In some embodiments, the central kiosk media production computers 460 and 465 are configured to support one of two modes of media transfer from the on-vehicle systems. Computers designated 460 in FIG. 4 are configured to support tri-media data stream transfer via solid-state memory devices. In an embodiment the post-production process is initiated by the insertion of the solid-state memory device into a receptacle on the media production computer. The kiosk operator will then be prompted on the kiosk management subsystem display unit to load the appropriate tri-media player output media, such as a CD, DVD, or VHS tape. The data recording process is fully automated. On completion of the recording phase, the kiosk operator will be prompted to remove the output media. The output media is now ready for transfer to the consumer. Examples of displays generated from the data recorded on output media are provided below.
 In another embodiment, the central kiosk can be equipped with media production computer subsystems 465 configured to support tri-media data stream collection via wireless radio frequency reception. Microwave reception is facilitated via a modularly expandable antenna array capable of supporting a plurality of real-time on-vehicle tri-media transmissions. The media production computer subsystem 465 includes a microwave receiver and decoder that outputs the real-time tri-media data stream for data recording as described above.
 A video-wall system 500 provides an effective edutainment display. The modularly expandable video-wall system contains from 1-to-N display monitors. Nominally, the system is configured with 9 (nine) display monitors arranged in a 3-by-3 pattern. One of the monitors is connected to a DVD or VHS player to display prerecorded edutainment or advertising materials. The remaining monitors are connected to the central kiosk media production computers 460 and 465 to display post-production real-time or playback tri-media data collected from on-vehicle systems 200. Typically, racing school participants and their friends and family members wait for extended periods in-field seating with limited views of the on-track activities. The video-wall system will greatly enhance the entertainment value of the experience.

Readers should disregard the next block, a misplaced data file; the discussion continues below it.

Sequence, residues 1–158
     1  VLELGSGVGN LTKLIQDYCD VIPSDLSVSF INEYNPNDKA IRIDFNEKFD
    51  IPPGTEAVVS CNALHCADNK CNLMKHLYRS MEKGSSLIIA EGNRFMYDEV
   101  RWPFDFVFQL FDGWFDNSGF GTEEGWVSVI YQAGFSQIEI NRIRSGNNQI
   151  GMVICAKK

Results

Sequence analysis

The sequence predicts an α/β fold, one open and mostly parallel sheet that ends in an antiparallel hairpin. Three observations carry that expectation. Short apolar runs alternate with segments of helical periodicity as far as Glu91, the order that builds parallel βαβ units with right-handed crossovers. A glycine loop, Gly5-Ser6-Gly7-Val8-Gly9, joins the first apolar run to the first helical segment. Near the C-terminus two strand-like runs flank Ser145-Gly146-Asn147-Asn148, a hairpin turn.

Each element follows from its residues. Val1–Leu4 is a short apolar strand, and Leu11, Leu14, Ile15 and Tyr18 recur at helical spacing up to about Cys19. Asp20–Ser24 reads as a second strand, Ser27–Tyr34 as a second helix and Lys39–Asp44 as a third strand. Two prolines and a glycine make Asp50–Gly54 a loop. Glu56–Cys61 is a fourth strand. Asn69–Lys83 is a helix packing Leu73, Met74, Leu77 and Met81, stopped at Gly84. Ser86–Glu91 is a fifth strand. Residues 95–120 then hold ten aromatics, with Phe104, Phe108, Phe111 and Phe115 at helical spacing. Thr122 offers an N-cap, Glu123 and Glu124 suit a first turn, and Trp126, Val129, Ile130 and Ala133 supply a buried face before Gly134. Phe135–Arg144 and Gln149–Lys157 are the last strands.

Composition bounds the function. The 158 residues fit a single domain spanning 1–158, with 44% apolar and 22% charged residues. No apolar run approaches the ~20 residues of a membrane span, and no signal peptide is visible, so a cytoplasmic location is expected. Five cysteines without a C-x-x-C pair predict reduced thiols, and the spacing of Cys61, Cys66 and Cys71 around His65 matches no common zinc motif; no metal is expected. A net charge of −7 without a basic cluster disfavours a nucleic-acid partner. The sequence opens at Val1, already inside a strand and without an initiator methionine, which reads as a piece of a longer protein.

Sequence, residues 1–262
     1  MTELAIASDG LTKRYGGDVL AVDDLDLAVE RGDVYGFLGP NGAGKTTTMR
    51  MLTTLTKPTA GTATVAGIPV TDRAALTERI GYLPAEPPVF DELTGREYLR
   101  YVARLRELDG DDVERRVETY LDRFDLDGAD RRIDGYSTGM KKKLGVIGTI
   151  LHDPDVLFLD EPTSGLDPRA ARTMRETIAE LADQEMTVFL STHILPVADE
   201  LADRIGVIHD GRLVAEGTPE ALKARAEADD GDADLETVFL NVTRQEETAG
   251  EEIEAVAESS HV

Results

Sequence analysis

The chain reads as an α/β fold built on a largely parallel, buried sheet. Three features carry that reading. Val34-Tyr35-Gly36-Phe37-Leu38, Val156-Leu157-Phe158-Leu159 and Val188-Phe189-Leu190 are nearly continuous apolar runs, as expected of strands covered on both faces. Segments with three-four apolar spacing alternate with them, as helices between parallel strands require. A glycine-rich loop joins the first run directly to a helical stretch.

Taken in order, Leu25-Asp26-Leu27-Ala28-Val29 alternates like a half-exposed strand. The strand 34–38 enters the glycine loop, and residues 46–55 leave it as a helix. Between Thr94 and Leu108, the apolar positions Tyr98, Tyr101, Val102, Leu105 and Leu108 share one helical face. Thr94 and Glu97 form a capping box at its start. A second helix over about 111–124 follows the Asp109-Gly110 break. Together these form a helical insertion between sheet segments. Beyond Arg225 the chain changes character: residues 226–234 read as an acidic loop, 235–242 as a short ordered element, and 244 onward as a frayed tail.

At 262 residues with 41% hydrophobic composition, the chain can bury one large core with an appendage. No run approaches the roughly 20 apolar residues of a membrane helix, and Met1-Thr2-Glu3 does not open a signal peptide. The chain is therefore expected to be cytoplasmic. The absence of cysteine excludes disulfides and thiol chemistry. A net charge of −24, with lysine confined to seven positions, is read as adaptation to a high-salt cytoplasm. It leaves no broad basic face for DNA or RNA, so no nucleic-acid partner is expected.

The final stage of the invention consists of the dissemination of the output product in various consumer media formats, such as CD, DVD, streaming web media, broadcast media, and VHS. In an embodiment, the product will be viewed on a CD or DVD disk via a custom-built trimedia player software application 600. The tri-media player is a software application that enables the captured tri-media data to be treated as a complete and coherent experience for interactive playback by the consumer. The application and tri-media files are delivered to the consumer in various media formats, including CD, DVD, television broadcast, Internet streaming, or similar digital consumer media. A racecar driver or passenger can recreate the experience by viewing synchronized and integrated tri-media information (visual images, audio and telemetric data) of a run on the track.
FIG. 5 illustrates an embodiment of a computer display screen format for tri-media player output during a “seat time” segment. The figure illustrates the real-time integration and synchronization of the video, audio, and telemetry data for a single drive or race. As described above, primary view 501 and secondary views 506, 507, and 508 display video outputs from cameras located either within the vehicle or located remotely around the track. Graphical track image 510 provides a representation of the shape of the track being traveled. Track image 510 may optionally include additional track information as well as an indicator mark for displaying a current track position. Telemetry indicators 521-526 provide information about the current operating parameters of the vehicle. FIG. 5 provides example of a telemetry display including a speedometer 521, a tachometer 522, a G-force indicator 523, a steering angle indicator 524, a brake position indicator 525, and a throttle indicator 526. In other embodiments, the telemetry indicators may include other vehicle telemetry data or may include biotelemetry data such as the pulse rate or respiration rate for the driver. In addition to the video, track image, and telemetry outputs, the display also includes audio tracks. The audio tracks can include engine and transmission sounds as well as driver or passenger commentary. In embodiments involving CD, DVD, or other digital storage media, playback of the tri-media data is controlled by control panel 530 shown at the bottom of FIG. 5. Control panel 530 allows the viewer to change the volume level, select a portion of the output for playback, and control the rate of playback for the tri-media output.